Another interesting finding in this study is that both TEA-sensitive and TEA-insensitive VGKCs functionally modulate the generation of Ca2+ potentials in mPFC neurons of drug-naive rats during membrane depolarization. Our results indicate that blockade of TEA-sensitive K+ (and Na+) channels alone was not adequate for evoking Ca2+ plateau potentials with a “full-length” duration in pyramidal mPFC neurons. In contrast, concurrent application of Cs+ and TEA, which blocks both TEA-sensitive and TEA-insensitive VGKCs (from the inside and outside of the membrane, respectively) is necessary and critical for the generation of a “full-size” Ca2+ plateau potential. Under this circumstance, typical Ca2+ plateau potentials could be reliably and constantly evoked by depolarizing current pulses in every cell recorded. This result is in agreement with our previous finding in medium spiny neurons within the rat nucleus accumbens (NAc) (Hu et al., 2004), suggesting a general character of evoked Ca2+ potentials, which explains why various Ca2+ spikes may be generated with different potential forms in neurons in response to membrane depolarization. In addition, this finding also reveals the role of VGKCs in “fine tuning” the function of voltage-sensitive Ca2+ channels in pyramidal mPFC neurons.
The present study provides novel evidence indicating that chronic cocaine treatment induces an enduring facilitation in ICa in rat mPFC neurons in response to excitatory stimuli. This change in Ca2+ entry, which occurs after increased activity of L-type ICa, and a resulting increase in the membrane excitability, could be translated to an enhanced glutamatergic output to the ventral tegmental area and NAc (Smith et al., 1995; Reid et al., 1997), particularly in cocaine-sensitized rats (Pierce et al., 1996; Kalivas and Duffy, 1998) when they are challenged with the same drug after a short-term withdrawal (Williams and Steketee, 2004). More importantly, the alterations in Ca2+ channel function appeared to be enduring, because they persisted for at least 2-3 weeks after the termination of chronic cocaine administration. These findings suggest that, although the basal neuronal activity within the withdrawn mPFC significantly decreases after chronic exposure to cocaine, such as that shown in functional image study (for review, see Volkow et al., 2004), the responsiveness of pyramidal mPFC neurons to certain stimuli including, but not limited to, environmental cues or an additional (challenge) dose of psychostimulants, may be markedly increased. Therefore, these changes in Ca2+ and DA signaling within the mesocortical and mesoaccumbens DA systems may ultimately contribute to the development of behavioral sensitization and the withdrawal effects of chronic cocaine.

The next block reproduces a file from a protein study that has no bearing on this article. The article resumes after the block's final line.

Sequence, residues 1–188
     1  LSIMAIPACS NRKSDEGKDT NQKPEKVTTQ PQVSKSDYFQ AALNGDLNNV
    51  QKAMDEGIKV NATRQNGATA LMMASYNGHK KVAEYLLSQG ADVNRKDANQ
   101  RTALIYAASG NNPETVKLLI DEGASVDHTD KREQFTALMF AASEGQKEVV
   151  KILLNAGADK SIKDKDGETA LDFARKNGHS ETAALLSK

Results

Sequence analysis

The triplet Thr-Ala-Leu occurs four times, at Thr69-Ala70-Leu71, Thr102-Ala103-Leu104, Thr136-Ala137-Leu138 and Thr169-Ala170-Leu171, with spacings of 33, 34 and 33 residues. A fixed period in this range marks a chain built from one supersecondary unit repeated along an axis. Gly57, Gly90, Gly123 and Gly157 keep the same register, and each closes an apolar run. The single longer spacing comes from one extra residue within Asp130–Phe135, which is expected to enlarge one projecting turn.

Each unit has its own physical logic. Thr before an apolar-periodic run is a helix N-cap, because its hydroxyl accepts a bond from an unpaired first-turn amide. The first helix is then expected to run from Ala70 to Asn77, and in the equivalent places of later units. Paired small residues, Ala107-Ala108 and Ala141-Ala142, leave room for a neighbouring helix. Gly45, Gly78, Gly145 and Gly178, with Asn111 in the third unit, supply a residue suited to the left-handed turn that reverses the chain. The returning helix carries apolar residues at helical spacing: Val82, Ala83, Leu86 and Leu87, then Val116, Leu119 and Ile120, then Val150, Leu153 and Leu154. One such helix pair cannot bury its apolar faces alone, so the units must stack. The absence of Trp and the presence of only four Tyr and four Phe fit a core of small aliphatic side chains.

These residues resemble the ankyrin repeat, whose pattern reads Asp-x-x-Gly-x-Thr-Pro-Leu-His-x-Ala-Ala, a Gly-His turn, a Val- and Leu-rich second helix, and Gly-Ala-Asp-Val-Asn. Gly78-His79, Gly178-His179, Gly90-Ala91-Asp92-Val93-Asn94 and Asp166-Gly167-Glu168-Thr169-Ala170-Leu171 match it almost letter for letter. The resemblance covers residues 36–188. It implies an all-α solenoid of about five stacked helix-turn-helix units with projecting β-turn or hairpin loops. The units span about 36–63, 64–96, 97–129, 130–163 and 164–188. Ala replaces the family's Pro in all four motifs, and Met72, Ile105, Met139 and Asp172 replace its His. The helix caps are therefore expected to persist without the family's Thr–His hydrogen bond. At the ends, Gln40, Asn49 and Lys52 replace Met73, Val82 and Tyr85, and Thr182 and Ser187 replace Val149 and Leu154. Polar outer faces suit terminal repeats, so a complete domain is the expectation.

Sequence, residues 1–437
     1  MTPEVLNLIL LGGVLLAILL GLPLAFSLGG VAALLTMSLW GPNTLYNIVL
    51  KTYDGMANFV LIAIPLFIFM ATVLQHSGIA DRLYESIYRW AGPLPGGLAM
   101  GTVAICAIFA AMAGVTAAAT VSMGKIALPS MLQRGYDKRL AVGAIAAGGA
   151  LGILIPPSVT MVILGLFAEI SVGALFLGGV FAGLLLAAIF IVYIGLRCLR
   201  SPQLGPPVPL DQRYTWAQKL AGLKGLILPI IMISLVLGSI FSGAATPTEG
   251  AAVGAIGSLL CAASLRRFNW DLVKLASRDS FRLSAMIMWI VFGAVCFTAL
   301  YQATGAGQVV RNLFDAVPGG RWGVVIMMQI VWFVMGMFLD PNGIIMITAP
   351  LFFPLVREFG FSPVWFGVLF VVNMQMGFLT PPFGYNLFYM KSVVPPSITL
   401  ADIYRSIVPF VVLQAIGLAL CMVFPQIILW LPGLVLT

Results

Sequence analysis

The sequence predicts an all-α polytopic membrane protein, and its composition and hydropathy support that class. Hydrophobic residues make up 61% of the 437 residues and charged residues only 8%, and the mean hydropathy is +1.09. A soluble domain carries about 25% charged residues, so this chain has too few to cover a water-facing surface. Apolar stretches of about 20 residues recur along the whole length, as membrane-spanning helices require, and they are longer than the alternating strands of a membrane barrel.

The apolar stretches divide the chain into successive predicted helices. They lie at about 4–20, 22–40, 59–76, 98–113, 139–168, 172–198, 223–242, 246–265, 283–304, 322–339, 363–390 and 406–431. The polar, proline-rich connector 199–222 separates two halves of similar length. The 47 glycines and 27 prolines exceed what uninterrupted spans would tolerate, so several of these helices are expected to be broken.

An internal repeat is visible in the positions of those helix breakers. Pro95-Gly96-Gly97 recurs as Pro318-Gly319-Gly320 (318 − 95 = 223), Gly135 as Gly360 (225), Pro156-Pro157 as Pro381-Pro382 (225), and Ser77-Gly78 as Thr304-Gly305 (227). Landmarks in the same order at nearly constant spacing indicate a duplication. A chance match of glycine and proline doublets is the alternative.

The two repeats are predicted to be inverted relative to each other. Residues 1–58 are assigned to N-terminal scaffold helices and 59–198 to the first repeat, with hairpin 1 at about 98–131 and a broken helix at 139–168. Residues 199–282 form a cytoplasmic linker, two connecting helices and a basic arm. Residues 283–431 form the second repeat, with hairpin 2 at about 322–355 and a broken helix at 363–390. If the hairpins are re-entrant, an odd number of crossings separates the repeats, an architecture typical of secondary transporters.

This work was supported by United States Public Health Service Grant DA12618 and Senior Scientist Award DA00456 (F.J.W.). We thank Kerstin Ford and Carolyn Grevers for their excellent technical assistance. We also thank Dr. Anthony West for his helpful comments regarding this paper.
Correspondence should be addressed to Dr. Xiu-Ti Hu, Department of Cellular and Molecular Pharmacology, Rosalind Franklin University of Medicine and Science, The Chicago Medical School, 3333 Green Bay Road, North Chicago, IL 60064. E-mail:.